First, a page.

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The source of bilateral animosity that has attracted the most attention over the past two years is the escalating bilateral trade war. Chinese leaders charge that the Trump administration is responsible for the breakdown in commercial amity, and much of the Western press adopts a similar interpretation. There is no question that Donald Trump is an unabashed economic nationalist and has taken a hard line in trade negotiations with Beijing. Indeed, his position on trade issues globally has been perhaps the most consistent component of his proclaimed America First foreign policy.

The ongoing diplomatic duel of retaliatory tariffs has certainly not benefitted consumers in either country or been healthy for the global economy. But resentment at various Chinese practices – from currency manipulation to intellectual property theft to unfulfilled promises to open its domestic market to more American manufactured goods – has been building in the United States for years, and it is not confined to Trump or the Republican Party.

Without a greater willingness on Beijing’s part to make key concessions, the trade war is likely to continue – perhaps even beyond the years of the Trump presidency. That would be an especially unfortunate development, since the extensive economic ties between the two countries create an important buffer preventing tensions over geostrategic issues from getting out of hand. Unlike the cold war between the United States and the Soviet Union when the two powers had minimal commercial links, the economic relationship between China and the United States is vast and mutually lucrative. It would be extremely costly for both sides to …read more

Source: OP-EDS

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When New Englanders Blamed Vampires for Tuberculosis Deaths

October 25, 2019 in History

By Crystal Ponti

As families lost one loved one after another in the 19th century, some believed the undead were preying upon them.

More than 200 years after the .

People believed that the spiritual connection that some suspected vampires had with their living relatives allowed them to gain access to their victims without even leaving their graves.

The practice of exhuming the deceased to halt the evil practice of vampires was likely introduced to New England by traveling healers from eastern Europe and Germany. One clue, says Bell, is a 1784 letter to the editor published in a Willington, Connecticut newspaper in which a town official complained about a foreign “quack doctor” who was promoting the consumption ritual and had induced a townsman to exhume the bodies of two his children.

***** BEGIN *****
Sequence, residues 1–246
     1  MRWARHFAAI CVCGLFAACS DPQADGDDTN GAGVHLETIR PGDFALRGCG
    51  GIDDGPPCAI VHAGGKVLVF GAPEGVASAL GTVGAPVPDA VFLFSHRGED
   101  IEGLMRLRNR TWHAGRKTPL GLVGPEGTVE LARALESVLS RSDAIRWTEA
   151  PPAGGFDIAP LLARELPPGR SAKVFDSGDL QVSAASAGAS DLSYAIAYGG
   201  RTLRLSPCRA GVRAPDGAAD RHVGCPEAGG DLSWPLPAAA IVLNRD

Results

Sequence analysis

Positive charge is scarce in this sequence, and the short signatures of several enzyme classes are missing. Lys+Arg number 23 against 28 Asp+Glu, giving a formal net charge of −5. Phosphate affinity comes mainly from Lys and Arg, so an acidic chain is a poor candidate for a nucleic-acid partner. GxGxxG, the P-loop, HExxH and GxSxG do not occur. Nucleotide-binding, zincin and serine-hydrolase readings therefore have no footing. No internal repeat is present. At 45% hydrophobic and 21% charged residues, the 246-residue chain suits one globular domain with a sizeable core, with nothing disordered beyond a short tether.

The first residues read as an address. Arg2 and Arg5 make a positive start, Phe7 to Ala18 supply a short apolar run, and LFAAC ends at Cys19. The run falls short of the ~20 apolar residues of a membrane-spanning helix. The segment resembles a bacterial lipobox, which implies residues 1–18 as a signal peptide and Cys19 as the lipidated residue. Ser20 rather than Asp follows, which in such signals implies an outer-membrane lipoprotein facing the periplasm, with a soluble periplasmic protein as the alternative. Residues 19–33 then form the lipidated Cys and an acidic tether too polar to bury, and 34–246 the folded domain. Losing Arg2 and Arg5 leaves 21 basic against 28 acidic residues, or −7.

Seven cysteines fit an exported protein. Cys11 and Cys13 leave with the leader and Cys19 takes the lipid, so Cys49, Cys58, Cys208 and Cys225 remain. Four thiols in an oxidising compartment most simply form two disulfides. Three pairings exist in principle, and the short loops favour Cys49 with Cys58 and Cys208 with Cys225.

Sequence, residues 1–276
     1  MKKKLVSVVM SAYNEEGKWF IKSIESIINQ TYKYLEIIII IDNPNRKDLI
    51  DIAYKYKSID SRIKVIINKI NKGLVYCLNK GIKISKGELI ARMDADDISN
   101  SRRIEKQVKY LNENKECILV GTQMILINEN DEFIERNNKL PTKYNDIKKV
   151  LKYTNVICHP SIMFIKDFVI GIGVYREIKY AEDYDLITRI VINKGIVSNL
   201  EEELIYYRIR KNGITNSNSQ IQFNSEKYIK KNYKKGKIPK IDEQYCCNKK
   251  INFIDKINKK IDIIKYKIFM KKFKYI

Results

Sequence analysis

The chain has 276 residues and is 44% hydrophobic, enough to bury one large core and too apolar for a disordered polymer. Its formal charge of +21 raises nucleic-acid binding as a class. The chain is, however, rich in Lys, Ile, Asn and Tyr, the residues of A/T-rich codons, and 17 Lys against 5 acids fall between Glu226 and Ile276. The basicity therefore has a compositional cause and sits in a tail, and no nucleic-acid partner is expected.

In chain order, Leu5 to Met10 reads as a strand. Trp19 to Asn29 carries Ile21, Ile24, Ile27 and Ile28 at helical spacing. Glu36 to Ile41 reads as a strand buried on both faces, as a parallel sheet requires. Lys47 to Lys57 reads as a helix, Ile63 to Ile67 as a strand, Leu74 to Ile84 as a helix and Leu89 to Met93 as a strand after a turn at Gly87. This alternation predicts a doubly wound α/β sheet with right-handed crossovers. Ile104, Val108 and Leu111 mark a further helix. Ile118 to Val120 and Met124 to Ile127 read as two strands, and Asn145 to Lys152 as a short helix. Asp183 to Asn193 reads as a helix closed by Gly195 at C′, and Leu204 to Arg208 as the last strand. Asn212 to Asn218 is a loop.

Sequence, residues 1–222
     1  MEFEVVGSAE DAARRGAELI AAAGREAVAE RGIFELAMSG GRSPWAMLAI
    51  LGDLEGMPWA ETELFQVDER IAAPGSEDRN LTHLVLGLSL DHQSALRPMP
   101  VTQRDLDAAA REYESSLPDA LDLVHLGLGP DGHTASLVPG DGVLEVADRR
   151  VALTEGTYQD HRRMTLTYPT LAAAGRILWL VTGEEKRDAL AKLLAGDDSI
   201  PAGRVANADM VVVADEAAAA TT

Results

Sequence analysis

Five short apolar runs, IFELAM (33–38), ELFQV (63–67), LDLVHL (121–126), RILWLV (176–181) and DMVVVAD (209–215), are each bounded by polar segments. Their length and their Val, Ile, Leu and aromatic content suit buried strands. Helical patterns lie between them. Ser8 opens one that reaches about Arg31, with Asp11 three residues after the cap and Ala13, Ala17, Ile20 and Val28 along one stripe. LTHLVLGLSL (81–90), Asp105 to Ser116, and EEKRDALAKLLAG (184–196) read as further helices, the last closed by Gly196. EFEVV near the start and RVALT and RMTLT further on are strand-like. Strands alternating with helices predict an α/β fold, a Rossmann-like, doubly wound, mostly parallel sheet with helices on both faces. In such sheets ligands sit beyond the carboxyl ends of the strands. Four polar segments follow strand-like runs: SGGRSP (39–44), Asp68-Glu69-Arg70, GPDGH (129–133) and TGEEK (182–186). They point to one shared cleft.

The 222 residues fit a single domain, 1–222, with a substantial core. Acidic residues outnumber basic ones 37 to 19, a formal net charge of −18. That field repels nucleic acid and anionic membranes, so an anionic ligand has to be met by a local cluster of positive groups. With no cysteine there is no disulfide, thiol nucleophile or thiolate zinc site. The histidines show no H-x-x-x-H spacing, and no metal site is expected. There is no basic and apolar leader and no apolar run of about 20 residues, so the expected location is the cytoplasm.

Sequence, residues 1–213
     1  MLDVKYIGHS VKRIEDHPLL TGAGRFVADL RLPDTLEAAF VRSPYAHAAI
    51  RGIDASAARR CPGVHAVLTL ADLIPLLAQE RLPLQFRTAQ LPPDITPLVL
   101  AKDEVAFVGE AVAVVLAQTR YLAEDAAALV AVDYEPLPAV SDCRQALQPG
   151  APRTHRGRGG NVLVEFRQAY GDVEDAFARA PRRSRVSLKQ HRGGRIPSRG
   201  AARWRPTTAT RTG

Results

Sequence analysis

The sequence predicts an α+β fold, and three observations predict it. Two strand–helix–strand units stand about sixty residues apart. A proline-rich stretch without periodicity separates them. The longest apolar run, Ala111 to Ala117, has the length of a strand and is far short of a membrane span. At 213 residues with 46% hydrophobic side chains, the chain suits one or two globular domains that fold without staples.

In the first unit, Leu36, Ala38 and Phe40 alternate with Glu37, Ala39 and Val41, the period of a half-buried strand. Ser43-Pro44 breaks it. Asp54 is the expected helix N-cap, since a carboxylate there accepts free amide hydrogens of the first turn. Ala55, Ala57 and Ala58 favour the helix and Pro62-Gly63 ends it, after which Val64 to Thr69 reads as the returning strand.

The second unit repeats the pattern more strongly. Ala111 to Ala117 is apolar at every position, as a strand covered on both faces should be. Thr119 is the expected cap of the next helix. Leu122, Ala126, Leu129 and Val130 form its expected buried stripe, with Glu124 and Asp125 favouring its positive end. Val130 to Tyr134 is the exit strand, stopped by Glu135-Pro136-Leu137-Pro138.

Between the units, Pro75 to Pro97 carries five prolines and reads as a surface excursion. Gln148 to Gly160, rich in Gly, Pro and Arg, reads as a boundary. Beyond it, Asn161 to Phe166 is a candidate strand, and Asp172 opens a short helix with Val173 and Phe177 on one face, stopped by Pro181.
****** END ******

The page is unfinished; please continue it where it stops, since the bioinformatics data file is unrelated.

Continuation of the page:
Bell has documented over 80 vampire rituals in New England, and continues to uncover new cases. He estimates the practice began no later than 1784 and persisted through at least 1892. The evidence also suggests that this practice was known and accepted, and sometimes actually endorsed, by the community-at-large, by town authorities and even by clergymen.

After Exhumation, Rituals Varied by Region

Vampire History (TV-PG; 2:39)

In parts of Massachusetts and Maine, bodies were simply flipped over and left alone. In Rhode Island, Connecticut and Vermont, villagers burned the hearts and livers from bodies of suspected vampires. In the 1990s, archaeologists discovered 29 skeletons in a gravel pit in Griswold, Connecticut, which had once served as a colonial-era graveyard. The bodies showed signs of tuberculosis and had been rearranged into skull-and-crossbones patterns. The case, known as The Jewett City Vampires, revealed one of the more unusual consumption rituals.

“If enough time had passed and there was nothing but skeletal remains and no sign of soft tissue, they [New Englanders] had to make a decision as to whether the corpse was undead,” Bellantoni explains. If villagers believed they had uncovered the undead, they would re-arrange the bones by decapitation and sometimes uproot the legs to prevent the vampire from leaving the grave.

The vampire folk belief started winding down by the end of the 19th century, when German physician and microbiologist Robert Koch identified the bacteria responsible for tuberculosis. Science then slowly began to replace folklore in explaining disease that had claimed so many lives and devastated families.

“These people in early New England history were just trying to stop the deaths,” says Bellantoni. …read more

Source: HISTORY